Before going off to war, the tribes of Reuven and Gad turn to Moshe Rabbeinu and speak of how they wish to attend to their herds and children left behind: “We will build enclosures for our livestock and cities for our children.” The order of their priorities is clear: first their animal herds, then cities for their children. First business, then family.
Moshe Rabbeinu answers them, but reverses the order of priorities: “Build for yourselves cities for your children and enclosures for your livestock.” First the children, then the animal herds. This is not an order based on sentiment, but rather a prioritization of values, a lesson in what is truly important.
And if this message is not clear enough, Rashi adds: “Moshe said to them: Make what is essential – essential; make what is secondary – secondary.”
The summer months are the perfect time to ponder these questions: What is the proper balance between work and family? What are our priorities? How much time do we waste, and how much time do we utilize in a meaningful way? Do we have a sense of mission inside, within our homes, or only toward the outside world? In short, do we get confused between what is of essential importance and what is secondary, or do we finally succeed in making the essential – essential, and the secondary – secondary?
A Thought For The New Week
Towards the end of a wonderful Shabbat at Camp Mesorah in New York, Rabbi Meir Goldwicht shared the following idea with the campers and counselors:
“We do not keep Shabbat only on Shabbat. We keep Shabbat on Sunday and Monday too. All week long, until the next Shabbat. Six days of creativity are positively influenced by the content of our Shabbat.
“But the special connection between the six days of the week and Shabbat goes both ways. Shabbat, too, is influenced by the content of our week. Again, and again Shabbat is often mentioned in the Torah following six days of work: ‘Six days you shall labor and do all your work. And the seventh day is a Shabbat to the L-rd your G-d. You shall not do any work.’
“In other words, the quality of our week influences the quality of Shabbat. A week of positive activity, study, family time, volunteering, fulfilling work and effective utilization of time will enable us to appreciate and enjoy Shabbat in the best possible way.”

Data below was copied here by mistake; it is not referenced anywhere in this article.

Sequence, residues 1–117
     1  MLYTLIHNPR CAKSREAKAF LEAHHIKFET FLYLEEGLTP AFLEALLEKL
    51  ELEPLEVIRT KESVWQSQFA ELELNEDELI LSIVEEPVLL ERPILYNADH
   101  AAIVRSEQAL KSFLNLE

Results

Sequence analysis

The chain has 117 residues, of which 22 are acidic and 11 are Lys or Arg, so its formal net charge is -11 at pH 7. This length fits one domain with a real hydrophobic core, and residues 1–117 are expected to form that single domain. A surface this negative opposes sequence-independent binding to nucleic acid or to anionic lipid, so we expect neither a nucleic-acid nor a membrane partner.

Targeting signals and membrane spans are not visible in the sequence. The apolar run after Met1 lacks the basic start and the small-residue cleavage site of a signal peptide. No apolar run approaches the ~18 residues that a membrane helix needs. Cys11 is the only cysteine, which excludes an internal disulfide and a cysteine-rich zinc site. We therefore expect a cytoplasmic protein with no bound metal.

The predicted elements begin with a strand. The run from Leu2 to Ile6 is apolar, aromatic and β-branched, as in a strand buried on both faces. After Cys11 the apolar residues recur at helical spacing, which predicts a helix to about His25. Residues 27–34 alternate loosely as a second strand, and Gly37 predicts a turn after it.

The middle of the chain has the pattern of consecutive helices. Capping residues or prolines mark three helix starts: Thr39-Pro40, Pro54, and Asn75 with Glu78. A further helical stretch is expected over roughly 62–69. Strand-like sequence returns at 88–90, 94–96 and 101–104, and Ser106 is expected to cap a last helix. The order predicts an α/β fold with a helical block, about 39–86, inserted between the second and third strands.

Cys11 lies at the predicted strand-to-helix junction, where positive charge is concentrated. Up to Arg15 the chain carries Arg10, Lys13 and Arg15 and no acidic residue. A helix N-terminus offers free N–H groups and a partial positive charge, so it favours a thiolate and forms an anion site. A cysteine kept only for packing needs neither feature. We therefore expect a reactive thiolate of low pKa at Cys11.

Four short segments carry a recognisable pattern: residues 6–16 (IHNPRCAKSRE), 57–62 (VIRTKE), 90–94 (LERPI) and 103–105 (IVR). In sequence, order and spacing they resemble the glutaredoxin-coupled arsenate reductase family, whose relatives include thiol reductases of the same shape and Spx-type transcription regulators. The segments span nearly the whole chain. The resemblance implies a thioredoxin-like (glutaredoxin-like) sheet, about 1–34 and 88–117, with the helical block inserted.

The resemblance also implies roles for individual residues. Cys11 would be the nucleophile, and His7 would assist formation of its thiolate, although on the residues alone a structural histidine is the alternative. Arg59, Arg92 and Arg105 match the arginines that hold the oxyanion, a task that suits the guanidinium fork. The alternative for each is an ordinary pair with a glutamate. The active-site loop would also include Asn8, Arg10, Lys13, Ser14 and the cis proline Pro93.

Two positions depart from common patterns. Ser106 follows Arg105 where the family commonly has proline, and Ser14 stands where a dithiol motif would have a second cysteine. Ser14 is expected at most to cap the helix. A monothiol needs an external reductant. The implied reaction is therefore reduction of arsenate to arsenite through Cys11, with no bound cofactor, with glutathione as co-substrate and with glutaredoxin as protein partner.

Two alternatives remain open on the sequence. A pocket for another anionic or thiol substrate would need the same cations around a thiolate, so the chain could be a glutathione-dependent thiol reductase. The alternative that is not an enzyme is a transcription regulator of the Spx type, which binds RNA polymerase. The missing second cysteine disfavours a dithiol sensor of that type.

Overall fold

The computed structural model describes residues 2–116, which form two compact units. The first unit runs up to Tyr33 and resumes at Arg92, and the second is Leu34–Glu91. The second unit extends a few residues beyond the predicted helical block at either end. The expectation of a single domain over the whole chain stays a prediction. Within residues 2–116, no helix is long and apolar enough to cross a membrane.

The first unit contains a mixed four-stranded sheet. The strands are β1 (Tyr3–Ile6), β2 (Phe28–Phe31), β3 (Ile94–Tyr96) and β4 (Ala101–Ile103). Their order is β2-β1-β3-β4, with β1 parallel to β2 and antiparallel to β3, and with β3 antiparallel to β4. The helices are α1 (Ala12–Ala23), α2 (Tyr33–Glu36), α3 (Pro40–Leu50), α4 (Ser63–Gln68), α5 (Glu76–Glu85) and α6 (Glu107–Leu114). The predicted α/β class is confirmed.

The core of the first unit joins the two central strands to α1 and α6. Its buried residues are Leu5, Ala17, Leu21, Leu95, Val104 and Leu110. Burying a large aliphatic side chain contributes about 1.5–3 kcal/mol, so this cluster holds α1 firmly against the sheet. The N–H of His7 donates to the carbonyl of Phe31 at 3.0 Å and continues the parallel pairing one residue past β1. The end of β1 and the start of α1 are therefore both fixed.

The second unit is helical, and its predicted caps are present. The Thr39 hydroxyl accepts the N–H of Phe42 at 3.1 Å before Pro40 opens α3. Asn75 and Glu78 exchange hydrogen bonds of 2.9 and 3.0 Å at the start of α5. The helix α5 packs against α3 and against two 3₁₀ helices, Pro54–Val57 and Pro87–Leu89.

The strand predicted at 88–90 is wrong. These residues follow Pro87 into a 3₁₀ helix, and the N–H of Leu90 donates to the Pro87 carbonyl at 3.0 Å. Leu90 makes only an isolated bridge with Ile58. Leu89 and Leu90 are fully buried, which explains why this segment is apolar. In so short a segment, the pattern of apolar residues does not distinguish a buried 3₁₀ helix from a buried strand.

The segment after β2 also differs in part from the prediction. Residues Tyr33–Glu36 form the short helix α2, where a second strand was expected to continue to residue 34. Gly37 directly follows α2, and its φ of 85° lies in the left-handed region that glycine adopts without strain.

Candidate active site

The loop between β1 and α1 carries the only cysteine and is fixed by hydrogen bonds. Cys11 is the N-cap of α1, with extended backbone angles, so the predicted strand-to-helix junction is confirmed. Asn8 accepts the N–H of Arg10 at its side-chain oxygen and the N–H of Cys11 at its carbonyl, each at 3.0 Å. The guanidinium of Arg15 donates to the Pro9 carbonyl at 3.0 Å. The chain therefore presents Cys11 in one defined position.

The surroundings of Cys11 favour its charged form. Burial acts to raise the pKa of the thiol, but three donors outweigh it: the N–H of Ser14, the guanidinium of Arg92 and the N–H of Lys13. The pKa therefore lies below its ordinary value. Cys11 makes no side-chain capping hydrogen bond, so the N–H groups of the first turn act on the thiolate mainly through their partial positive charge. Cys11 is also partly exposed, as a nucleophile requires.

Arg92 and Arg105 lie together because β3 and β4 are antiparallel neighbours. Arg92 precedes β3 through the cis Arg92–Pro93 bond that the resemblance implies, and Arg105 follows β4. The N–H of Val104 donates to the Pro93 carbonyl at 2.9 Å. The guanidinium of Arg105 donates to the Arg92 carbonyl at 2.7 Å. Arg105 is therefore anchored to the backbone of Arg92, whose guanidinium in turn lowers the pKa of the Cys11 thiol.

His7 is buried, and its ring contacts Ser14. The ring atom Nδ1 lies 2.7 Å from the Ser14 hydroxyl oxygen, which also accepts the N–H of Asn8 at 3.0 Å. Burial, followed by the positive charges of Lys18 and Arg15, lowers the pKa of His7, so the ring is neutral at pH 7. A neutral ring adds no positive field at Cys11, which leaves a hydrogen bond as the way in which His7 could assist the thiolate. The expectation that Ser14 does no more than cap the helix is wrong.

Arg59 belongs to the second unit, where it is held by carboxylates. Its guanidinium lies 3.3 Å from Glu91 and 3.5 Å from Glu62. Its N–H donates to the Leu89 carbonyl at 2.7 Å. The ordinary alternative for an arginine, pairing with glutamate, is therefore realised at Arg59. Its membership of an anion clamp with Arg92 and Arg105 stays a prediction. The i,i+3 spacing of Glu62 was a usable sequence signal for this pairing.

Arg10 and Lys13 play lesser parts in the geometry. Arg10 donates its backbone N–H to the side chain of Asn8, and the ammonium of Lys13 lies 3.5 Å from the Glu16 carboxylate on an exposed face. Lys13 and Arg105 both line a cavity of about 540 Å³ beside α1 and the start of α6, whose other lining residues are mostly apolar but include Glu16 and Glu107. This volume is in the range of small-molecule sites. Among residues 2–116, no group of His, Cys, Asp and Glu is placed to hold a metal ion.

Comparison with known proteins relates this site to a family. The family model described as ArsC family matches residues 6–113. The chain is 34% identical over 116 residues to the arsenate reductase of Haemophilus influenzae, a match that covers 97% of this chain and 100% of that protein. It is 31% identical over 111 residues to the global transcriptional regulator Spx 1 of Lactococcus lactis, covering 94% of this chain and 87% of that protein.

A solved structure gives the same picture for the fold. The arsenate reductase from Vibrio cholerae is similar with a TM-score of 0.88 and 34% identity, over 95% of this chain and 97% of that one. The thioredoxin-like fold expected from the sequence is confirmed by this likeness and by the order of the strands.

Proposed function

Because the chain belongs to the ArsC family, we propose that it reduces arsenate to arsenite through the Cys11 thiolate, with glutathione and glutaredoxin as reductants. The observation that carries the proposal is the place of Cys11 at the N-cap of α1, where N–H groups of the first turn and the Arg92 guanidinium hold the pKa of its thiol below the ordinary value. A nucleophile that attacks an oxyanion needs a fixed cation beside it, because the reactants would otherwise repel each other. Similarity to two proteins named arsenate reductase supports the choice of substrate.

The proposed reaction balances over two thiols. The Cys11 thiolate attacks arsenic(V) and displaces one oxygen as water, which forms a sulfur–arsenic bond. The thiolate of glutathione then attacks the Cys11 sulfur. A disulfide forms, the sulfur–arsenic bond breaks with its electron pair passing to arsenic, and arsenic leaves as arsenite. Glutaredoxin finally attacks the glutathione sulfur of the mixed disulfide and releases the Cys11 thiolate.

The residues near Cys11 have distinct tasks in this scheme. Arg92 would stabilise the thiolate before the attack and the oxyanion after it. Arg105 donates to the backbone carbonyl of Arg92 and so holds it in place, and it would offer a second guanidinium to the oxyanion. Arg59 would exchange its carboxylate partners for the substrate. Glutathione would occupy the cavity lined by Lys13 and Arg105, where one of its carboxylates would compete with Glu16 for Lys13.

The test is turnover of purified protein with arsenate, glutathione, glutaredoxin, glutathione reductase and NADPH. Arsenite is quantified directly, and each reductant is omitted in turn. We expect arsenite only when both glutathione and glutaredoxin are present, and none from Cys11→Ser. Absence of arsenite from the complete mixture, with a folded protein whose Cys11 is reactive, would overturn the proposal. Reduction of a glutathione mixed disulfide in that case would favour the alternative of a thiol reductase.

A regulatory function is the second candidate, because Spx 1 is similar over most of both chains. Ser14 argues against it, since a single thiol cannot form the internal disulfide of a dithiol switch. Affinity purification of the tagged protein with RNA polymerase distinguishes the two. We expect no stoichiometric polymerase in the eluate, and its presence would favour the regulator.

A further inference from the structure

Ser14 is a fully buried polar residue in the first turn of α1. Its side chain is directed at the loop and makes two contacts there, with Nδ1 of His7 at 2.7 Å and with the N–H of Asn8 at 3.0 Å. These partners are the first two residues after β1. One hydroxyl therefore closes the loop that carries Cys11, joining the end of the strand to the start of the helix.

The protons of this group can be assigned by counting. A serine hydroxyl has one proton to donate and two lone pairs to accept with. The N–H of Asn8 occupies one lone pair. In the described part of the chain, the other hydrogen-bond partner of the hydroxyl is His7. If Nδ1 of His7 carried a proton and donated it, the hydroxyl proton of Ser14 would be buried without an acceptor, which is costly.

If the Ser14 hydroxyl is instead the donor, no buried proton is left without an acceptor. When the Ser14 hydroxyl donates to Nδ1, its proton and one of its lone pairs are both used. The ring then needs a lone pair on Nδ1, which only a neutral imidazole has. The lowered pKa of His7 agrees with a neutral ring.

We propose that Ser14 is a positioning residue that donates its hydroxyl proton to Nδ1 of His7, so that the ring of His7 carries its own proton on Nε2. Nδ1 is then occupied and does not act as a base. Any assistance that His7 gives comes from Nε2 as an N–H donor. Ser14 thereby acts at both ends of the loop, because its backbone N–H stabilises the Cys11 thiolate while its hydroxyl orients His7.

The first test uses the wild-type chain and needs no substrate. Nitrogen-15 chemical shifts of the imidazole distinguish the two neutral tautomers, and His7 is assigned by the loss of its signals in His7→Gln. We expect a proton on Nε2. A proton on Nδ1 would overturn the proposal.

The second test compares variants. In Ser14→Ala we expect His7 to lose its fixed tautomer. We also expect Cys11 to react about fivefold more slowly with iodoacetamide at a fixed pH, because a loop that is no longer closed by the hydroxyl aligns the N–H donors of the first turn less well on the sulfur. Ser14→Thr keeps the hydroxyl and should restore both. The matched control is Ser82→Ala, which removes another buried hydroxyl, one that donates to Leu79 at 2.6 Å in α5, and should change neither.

What’s Your Daily?
“Shalom Sivan, this is Udi Tenne. Three years ago, when my son Yair was in kindergarten, we began to learn a daily Mishnah together. This was done from the belief that good habits, especially when ingrained at a very young age, will have a positive influence for years to come. A short time later we were driving and heard a radio program broadcast by yourself and Yedidya. You said that everyone needs a daily commitment so that they have an answer to the question: What’s your daily? A daily page of Gemara, a daily Mishnah, a daily halacha. . . and Yedidya said that whoever learns two Mishnayot a day will complete all six orders or divisions of the Mishnah within five years. Yair and I looked at each other and said: Let’s do it. We increased our daily commitment to two Mishnayot.
Racheli Shtruli, Yair’s teacher, began to make a little party in class each time Yair and I finished a tractate. He had more and more parties, which influenced other children to start learning Mishnah too. This week Yair Tenne, a graduate of second grade in the Segula School in Bnei Brak, finished the entire Order of Zeraim (agricultural laws). The Mishnah includes a total of six orders, and one order is completely behind us now, coinciding exactly with Yair’s eighth birthday.
As someone who makes a living as a media consultant, I live from one crisis to the next. I run from client to client, from event to event. I enjoy this chaotic life but our daily study each morning anchors me. With G-d’s help, Yair and I will continue in this commitment and, knowing what daily study has added to our lives, we call out to one and all and ask: What’s your daily?”